Visa to Vietnam
Short stays in Vietnam are currently easier than ever to plan with citizens of many countries qualifying for visa exemption schemes, meaning visitors are not required to obtain a visa if they plan to stay in the country under a certain length of time.
As long as a visitor has a minimum of six months validity remaining on their passport, citizens from major European countries including the UK, France, Germany, Italy, Spain, Denmark and Sweden can stay for up to 15 days in Vietnam without needing to purchase a visa.
Citizens from other Asian countries are typically visa-exempt for longer periods. Travellers from the Philippines can stay in the country for up to 21 days without a visa, whilst visitors from close neighbours Thailand, Cambodia and Laos among others are allowed up to 30 days without needing to apply for a visa.
The situation becomes more complicated for those looking to leave and re-enter Vietnam over a short space of time or to travel around several counties across the region.
Visa exemption schemes allow single entries only and anyone leaving the country must wait a minimum of 30 days before attempting to re-enter the country without purchasing a visa. In these cases, they will be able to re-enter Vietnam within 30 days if they do decide to purchase a visa.
Those who require a visa to enter or those wishing to stay longer than the length of time stated through the visa exemption scheme must make their visa arrangements before they travel.
In order to receive a visa on arrival you must first get a Visa On Arrival Approval Letter which can be purchased on this site when you are checking out.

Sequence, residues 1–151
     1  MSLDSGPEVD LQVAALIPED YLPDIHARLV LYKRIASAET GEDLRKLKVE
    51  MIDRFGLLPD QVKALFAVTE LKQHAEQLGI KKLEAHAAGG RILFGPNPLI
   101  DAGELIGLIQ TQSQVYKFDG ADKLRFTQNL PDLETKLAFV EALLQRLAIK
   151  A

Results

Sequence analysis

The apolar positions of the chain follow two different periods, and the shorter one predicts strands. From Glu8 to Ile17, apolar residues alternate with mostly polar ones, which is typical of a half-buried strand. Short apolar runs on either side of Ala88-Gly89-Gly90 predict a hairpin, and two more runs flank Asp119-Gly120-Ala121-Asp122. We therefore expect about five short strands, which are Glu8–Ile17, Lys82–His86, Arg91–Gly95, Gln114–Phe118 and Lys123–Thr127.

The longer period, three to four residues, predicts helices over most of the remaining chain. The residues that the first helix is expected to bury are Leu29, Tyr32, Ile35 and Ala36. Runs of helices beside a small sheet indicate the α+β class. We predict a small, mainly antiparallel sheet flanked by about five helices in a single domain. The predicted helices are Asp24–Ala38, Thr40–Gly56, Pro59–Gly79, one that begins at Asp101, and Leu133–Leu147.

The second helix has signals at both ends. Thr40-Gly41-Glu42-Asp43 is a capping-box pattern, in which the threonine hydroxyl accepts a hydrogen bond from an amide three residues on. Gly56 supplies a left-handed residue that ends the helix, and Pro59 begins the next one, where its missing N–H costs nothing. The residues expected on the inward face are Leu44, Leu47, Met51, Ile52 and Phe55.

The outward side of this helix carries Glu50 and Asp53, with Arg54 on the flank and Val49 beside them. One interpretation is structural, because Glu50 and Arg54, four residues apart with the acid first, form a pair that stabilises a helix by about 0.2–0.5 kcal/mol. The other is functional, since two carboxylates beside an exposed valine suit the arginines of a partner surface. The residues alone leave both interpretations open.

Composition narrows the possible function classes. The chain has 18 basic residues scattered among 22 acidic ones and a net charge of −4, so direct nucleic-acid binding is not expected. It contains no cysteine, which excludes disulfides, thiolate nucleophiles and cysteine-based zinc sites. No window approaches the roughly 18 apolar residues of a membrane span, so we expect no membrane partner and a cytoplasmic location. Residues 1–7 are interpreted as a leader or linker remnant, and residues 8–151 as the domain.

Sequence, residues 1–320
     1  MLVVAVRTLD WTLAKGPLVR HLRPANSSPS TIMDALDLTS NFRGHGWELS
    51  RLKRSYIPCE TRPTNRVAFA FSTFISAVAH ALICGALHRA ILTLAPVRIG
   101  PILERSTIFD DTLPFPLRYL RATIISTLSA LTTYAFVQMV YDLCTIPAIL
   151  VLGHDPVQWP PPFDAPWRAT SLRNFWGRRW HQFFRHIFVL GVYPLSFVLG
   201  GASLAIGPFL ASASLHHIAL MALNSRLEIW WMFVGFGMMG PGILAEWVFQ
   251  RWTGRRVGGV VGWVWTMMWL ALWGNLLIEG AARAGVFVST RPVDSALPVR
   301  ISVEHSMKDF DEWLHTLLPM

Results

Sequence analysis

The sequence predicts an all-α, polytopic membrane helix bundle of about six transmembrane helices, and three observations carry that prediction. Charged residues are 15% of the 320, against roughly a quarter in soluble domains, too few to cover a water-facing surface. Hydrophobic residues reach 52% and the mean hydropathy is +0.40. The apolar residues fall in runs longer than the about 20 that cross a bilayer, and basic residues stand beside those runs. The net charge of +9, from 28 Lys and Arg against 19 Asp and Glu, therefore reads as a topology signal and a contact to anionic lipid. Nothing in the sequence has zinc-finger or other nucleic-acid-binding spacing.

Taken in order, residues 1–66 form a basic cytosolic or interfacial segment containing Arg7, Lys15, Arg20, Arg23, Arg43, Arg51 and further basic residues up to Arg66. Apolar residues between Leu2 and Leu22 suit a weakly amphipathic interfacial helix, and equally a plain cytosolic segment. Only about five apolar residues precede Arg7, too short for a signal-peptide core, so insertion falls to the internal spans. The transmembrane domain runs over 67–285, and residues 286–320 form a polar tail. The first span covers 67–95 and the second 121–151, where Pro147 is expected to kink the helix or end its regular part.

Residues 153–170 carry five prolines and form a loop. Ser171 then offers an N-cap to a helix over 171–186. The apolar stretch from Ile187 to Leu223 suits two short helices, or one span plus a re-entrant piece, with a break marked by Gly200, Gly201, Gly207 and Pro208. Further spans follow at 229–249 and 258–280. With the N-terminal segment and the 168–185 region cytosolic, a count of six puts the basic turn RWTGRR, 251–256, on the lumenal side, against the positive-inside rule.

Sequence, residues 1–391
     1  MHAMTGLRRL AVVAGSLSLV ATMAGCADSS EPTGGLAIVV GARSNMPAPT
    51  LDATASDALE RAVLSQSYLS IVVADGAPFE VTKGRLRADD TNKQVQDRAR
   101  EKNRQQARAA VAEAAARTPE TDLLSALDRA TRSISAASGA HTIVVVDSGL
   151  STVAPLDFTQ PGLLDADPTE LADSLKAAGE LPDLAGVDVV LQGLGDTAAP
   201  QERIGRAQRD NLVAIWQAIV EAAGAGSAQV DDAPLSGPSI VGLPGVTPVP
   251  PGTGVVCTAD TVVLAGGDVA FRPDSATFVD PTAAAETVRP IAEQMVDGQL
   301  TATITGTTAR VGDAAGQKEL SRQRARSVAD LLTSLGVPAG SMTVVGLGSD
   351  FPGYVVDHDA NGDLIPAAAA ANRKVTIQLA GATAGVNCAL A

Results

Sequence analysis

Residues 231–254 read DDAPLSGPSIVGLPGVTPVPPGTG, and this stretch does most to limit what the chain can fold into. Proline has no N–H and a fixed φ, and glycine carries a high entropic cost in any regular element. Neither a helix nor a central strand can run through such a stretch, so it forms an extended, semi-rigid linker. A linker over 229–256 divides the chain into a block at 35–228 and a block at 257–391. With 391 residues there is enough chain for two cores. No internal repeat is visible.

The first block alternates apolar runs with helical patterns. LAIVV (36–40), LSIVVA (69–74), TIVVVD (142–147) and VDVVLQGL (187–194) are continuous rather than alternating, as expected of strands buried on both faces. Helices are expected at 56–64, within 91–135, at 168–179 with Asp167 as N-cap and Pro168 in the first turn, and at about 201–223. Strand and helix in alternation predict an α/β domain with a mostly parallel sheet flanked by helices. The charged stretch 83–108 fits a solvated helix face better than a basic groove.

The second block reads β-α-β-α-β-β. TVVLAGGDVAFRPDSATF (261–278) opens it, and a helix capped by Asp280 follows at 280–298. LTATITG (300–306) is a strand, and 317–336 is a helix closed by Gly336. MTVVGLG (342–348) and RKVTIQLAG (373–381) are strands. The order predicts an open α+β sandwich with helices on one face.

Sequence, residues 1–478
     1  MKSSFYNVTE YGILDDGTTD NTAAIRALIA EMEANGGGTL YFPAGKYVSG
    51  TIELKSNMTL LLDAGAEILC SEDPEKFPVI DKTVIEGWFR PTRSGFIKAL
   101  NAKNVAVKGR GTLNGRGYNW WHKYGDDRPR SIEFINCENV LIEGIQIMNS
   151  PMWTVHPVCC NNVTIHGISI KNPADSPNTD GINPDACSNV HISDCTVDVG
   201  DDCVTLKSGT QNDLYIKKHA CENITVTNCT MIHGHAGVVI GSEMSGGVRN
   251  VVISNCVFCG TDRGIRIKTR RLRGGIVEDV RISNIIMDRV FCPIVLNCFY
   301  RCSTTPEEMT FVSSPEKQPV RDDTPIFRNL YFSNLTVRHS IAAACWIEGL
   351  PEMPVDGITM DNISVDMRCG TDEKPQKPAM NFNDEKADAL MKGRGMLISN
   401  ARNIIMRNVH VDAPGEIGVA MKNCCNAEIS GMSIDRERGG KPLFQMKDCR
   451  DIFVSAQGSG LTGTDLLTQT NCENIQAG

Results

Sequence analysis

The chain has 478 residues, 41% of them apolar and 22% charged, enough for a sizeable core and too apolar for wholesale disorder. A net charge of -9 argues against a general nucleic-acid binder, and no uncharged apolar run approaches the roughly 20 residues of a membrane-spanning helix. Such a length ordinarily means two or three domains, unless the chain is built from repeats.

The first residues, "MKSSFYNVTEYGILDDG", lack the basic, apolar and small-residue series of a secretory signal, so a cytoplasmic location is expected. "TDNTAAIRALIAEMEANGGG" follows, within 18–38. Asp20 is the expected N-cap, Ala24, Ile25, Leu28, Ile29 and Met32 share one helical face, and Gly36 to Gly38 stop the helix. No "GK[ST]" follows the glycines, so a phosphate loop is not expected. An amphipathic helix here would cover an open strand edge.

The cost is USD10 for the letter and then you will need to pay a stamping fee upon arrival which varies depending on length of stay number of entries your visa will allow.
Visa On Arrival is ONLY available for those entering by air. If entering Vietnam by bus, you must have the visa stamped and in your passport prior to departure.
Another issue with Vietnam’s version of the visa on arrival is the number of disreputable companies who advertise services that can arrange for the necessary letter of approval, often charging extortionate prices, and complications with this document are not unheard of. If at all possible it is best to purchase a visa in advance if you think it will be needed.
Where to apply for your Vietnamese visa
A visitor to Vietnam can apply for a visa at a Vietnamese embassy or consulate either in person or via post.
The fees for visa applications differ based on nationality and you will need to contact the Vietnamese embassy or consulate in your country to request the cost based on the duration of your stay. Even if you’ve purchased a Vietnamese visa in the last few years, it is worth checking the current fees as they can change.
Applying for a visa in person at the embassy is both cheaper and quicker so is ideal for anyone looking for a quick turnaround or to avoid postal charges. However, in many countries it is necessary to return to the embassy or consulate later that day, or in some cases several days later, to collect your passport with the approved visa.
Although often slightly more expensive, postal applications are less hassle as an application form, passport and a cheque covering the costs of the visa and postage can all be sent to the Vietnamese embassy and will be sent back to a specified address with passport complete with visa. This is the easiest option for visa applications and in many countries the recommended method.
It's possible to purchase either single entry visas which can only be used once or multiple entry visas where it is possible to enter Vietnam as many times as desired within the visa’s validity. Both types of visa are available with either 30 or 90 days validity.
Finally, anyone thinking of overstaying their visa are strongly advised to reconsider. Even exceeding a visa by just one or two days can result in large fines, the amount of which really does depend on where you are and the official you are talking to.
Fines of around USD25 per day over the visa expiration are common, with reports that travellers have been charged up to USD100 per day.
Repeat offenders or extreme cases can even face future bans from the country.